Tchaikovsky: The Seasons, Op 37b; Sonata No 2 in G minor, Op 37 (Grand Sonata)

Reviewed on Tue 11 Jul, 2017

The real reason for investing in this CD is surely Lugansky's sensitive account of the twelve evocative movements that make up The Seasons or The Months, music that alternates deep-rooted melancholy with palpable high spirits.

My youthful entry point into Tchaikovsky’s ‘Grand Sonata’ was Sviatoslav Richter’s mono Melodiya recording, which to be truthful is, for all its in-your-face brilliance, something of an onslaught. And while Richter is one of Nikolai Lugansky’s most valued role models, Lugansky’s own performance of the opening Moderato e risoluto is flexible enough to counter potential critical accusations (against the music) of rhetorically motivated repetition. He also conjures a sense of numbed desolation at the start of the Andante second movement, copes well with the rhythmically complex scherzo, and is extremely deft in the finale. But the real reason for investing in this CD is surely his sensitive account of the twelve evocative movements that make up The Seasons or The Months, music that alternates deep-rooted melancholy with palpable high spirits. Lugansky’s interpretative style has a clean-fingered, classical purity about it, quite unlike Mikhail Pletnev (another pianist he admires), who favours a more personal slant on, say, the eleventh movement, November, a troika. By contrast January, March, May and October really sing under Lugansky’s hands. Good, clear sound.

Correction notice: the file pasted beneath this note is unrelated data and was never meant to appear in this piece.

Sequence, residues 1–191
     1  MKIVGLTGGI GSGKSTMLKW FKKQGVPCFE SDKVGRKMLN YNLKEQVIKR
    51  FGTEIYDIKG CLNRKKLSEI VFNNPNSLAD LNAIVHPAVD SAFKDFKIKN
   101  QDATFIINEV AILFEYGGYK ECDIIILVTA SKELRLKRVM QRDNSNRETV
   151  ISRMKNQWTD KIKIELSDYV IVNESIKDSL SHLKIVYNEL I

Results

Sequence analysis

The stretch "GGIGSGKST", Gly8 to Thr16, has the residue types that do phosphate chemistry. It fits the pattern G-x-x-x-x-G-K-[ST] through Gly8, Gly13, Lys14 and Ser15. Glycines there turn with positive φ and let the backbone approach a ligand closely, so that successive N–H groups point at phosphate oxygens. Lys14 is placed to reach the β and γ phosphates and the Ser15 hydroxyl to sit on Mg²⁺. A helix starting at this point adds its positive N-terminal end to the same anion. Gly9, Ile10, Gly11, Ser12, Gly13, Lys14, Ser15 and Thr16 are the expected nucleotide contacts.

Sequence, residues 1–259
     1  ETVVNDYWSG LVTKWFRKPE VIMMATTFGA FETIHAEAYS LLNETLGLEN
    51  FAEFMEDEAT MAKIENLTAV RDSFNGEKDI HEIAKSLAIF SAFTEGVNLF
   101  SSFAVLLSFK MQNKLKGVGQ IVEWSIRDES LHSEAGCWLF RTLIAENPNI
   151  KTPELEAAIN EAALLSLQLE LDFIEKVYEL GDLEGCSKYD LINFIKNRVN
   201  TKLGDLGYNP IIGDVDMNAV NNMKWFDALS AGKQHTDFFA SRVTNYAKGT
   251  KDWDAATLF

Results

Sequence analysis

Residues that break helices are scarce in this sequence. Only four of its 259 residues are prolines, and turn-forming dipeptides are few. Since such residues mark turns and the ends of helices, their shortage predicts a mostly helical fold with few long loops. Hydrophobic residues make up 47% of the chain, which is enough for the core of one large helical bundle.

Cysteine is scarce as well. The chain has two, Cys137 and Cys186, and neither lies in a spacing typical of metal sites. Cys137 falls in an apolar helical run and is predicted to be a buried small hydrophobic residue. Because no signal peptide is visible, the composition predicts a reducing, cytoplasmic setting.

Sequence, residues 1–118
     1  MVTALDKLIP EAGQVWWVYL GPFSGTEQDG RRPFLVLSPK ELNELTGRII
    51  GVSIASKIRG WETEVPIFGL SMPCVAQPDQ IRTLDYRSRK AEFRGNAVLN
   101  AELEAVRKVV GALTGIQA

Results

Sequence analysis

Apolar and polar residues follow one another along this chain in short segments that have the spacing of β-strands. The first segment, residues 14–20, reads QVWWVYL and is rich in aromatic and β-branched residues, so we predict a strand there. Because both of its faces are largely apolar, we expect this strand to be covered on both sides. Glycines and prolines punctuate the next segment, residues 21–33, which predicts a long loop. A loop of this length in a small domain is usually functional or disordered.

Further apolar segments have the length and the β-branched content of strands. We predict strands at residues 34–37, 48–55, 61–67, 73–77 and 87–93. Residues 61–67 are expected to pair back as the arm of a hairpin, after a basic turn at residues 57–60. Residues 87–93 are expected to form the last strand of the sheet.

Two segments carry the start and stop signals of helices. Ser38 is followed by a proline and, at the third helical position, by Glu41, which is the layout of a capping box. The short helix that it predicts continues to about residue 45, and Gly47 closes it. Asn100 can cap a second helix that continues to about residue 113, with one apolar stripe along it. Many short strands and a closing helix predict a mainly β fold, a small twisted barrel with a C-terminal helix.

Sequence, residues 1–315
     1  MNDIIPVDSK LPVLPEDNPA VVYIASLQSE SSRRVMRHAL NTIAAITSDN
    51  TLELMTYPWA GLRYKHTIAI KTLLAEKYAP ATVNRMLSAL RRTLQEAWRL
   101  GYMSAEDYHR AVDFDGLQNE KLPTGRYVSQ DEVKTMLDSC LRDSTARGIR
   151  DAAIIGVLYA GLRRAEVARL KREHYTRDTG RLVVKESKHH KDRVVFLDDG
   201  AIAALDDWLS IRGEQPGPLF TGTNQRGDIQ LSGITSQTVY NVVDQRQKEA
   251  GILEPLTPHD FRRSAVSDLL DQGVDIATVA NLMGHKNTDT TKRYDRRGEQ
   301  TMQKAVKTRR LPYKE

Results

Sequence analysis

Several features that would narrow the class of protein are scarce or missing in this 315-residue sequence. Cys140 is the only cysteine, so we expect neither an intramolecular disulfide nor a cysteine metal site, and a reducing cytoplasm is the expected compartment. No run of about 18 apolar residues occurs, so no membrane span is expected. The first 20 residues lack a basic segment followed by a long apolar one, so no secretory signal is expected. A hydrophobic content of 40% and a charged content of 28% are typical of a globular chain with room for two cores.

–Rob Cowan